Due diligence for Amaila hydro project at `advanced stage’ – Finance Minister

Due diligence for the Amaila Falls Hydropower Project is at an advanced stage, according to Minister of Finance, Dr Ashni Singh.

Singh stated at a People’s Progressive Party  press conference on Monday that the Amaila Falls Hydropower Project preparations were progressing, stating that the IDB, the China Development Bank and the project’s lead developer Sithe Global Group were all working to address any concerns over the construction of the project.  Singh said that the “major international partners are at an advanced stage of their due diligence process and that due diligence process once complete we should see the project approved.”

He refused to address any apprehensions the Inter-American Development Bank (IDB) may have regarding its proposed US$175 million investment in the project.  Singh stated “that work is not yet completed and I wouldn’t want to pre-empt the conclusion of the work by saying what concerns there are”. He said that “you are working with several institutions and each of these institutions is going through their own review process and conducting their own due diligence and such”.

He acknowledged that the construction of the access road to the Amaila Falls site did not progress as quickly as was anticipated however the “government did act very decisively in response to the rate of progress, you will have known that we terminated some contracts and we realigned some of the contracts. We awarded new contractors some of the contracts. We awarded China Rail the more challenging section of the road”. The Finance Minister continued that the hurdles faced were normal for a project of this size. He said that the many problems in the Amaila Falls access road construction were well known and he could not comment on when the road would be finished.  Several deadlines have been missed and the final cost of the road is expected to be significantly above what was originally intended. The road project was shrouded in controversy after the contract was awarded to US-based entrepreneur Fip Motilall who critics had said had no road-building experience. Motilall’s contract was subsequently terminated by the Ramotar administration for poor performance.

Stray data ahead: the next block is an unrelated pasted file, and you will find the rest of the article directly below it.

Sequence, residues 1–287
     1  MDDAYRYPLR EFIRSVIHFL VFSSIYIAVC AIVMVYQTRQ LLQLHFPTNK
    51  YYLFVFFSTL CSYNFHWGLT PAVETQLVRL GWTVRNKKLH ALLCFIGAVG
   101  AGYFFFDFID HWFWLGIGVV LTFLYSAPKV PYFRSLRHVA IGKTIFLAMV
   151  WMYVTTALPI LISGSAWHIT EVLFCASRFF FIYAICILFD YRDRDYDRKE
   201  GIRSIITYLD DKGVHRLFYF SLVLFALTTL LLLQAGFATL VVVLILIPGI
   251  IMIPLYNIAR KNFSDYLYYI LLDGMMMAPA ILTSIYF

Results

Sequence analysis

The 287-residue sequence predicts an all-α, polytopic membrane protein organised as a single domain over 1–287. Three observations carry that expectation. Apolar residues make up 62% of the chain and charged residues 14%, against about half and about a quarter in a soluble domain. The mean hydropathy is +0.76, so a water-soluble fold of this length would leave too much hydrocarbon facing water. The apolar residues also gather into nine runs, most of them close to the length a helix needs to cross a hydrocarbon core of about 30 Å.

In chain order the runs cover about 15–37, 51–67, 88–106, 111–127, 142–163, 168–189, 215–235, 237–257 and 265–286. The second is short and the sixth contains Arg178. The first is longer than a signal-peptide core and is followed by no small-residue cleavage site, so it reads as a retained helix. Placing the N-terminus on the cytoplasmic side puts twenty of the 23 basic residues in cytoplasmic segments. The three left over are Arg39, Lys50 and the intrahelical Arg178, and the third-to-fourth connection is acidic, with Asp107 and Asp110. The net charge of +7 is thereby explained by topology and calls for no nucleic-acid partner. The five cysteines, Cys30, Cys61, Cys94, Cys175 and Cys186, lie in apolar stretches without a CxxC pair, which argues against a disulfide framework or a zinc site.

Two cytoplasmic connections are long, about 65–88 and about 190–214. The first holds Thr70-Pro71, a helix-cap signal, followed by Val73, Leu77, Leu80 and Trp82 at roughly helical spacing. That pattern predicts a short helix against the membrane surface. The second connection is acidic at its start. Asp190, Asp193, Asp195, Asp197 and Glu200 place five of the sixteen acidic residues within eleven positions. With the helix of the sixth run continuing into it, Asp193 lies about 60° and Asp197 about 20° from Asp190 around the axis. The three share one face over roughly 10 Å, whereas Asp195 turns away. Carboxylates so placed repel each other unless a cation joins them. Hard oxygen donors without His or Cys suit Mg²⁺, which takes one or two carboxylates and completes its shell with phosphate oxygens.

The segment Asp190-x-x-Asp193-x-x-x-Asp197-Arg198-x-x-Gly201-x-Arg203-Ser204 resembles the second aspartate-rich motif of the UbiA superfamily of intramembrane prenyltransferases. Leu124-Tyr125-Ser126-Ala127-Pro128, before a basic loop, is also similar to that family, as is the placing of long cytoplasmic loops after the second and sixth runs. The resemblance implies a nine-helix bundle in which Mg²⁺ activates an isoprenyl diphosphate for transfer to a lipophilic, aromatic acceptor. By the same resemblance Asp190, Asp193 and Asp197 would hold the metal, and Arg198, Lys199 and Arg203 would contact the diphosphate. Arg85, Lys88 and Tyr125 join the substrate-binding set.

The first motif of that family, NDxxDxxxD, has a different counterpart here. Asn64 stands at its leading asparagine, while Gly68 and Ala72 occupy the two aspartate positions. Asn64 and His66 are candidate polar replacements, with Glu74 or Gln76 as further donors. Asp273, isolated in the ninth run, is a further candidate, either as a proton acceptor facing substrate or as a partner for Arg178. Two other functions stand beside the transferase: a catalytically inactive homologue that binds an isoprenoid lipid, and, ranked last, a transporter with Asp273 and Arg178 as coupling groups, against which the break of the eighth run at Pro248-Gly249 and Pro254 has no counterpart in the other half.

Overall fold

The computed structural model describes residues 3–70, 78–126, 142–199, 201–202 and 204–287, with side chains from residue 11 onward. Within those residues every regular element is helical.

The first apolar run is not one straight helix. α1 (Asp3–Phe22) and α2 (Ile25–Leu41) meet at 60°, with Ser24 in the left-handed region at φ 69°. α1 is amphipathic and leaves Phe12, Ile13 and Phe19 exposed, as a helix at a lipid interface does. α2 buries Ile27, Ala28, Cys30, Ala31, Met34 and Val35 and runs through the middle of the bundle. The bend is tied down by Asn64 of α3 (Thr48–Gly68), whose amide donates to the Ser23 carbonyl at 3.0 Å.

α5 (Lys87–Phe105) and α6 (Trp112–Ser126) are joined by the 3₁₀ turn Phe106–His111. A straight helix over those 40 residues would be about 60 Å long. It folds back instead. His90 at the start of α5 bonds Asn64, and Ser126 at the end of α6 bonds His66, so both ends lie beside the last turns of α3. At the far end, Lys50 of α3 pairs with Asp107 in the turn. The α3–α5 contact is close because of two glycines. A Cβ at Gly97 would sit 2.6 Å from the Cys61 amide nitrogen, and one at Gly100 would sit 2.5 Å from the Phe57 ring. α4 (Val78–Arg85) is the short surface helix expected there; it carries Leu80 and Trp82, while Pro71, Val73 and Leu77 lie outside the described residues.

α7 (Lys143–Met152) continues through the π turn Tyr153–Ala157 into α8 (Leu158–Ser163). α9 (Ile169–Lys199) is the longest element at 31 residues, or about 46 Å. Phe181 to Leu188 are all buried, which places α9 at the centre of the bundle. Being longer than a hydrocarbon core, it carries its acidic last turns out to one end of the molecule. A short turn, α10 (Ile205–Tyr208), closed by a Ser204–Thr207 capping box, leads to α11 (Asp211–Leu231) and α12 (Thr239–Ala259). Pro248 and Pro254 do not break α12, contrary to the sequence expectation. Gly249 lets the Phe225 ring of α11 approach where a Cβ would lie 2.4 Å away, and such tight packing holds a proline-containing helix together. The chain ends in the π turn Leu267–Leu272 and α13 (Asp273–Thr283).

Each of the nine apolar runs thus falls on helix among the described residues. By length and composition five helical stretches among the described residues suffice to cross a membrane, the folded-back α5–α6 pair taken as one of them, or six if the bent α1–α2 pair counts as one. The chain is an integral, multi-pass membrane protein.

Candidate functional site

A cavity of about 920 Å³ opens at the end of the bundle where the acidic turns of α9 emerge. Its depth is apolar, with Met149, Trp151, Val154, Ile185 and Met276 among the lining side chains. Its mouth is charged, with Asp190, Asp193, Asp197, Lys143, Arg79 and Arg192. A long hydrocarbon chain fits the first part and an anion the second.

Singh called out the opposition parties for what he deemed as their lack of support for the Amaila Falls Project. He said that all stakeholders have expressed their desire to see the project succeed except for the two parliamentary opposition parties. “The only group that has been sending mixed signals is the political opposition…I think it is important that the opposition should come out and be unequivocal about their position on Amaila,” Dr Singh said. He said that “the reality is that our country needs to rapidly harness its long heralded hydro potential.”

Leader of the Alliance For Change, Khemraj Ramjattan, in response, stated that the project is supported by the opposition, but called into question the transparency of the project. He told Stabroek News that “we in the Alliance For Change support hydropower, but the cost associated and who is doing what and the various studies need to be reported and up to date”. He said that President Donald Ramotar has not kept the party abreast of the most recent documentation and this was negligent.

Ramjattan noted that the government was pushing the hydropower project while neglecting to report the feasibility studies being conducted or the lack of feasibility studies being conducted. “He has promised me various documentations and I am interested in the IDB’s position with the project,” he added. Ramjattan stated that if the IDB was having issues it was imperative that the government keep the opposition informed. Ramjattan told Stabroek News that “whatever the IDB is saying needs to be brought to both opposition parties and if concerns are being raised we have to know”. He said that the proposed US$840 million hydro project required an open system of dialogue where all stakeholders are kept informed.

Ramjattan stated that with the proposed GPL tariff hike of 26.7 percent looming the Guyanese populace has to be informed about more cost-appropriate energy projects. He noted that solar and wind power may need to be explored noting that for wind power, running lines along the coast may be significantly cheaper than from Amaila Falls. Ramjattan stated that “in a country with high unemployment and a very poor minimum wage people can’t afford this 26.7 percent hike and we need to be told studies have to be done to know if there are cheaper alternatives.”

He said that “we need to check on these other options especially now we are hearing the line losses have attributed to the financial state of GPL and they are saying this is a reason for raising the tariff…well we can’t just get involved in a Mercedes when two or three Vauxhalls can do.”

The Leader of the AFC stated that “the Alliance For Change supports hydropower, but we want to make sure that this doesn’t become like Burnham’s (Upper) Mazaruni Development” project. (Pushpa Balgobin)

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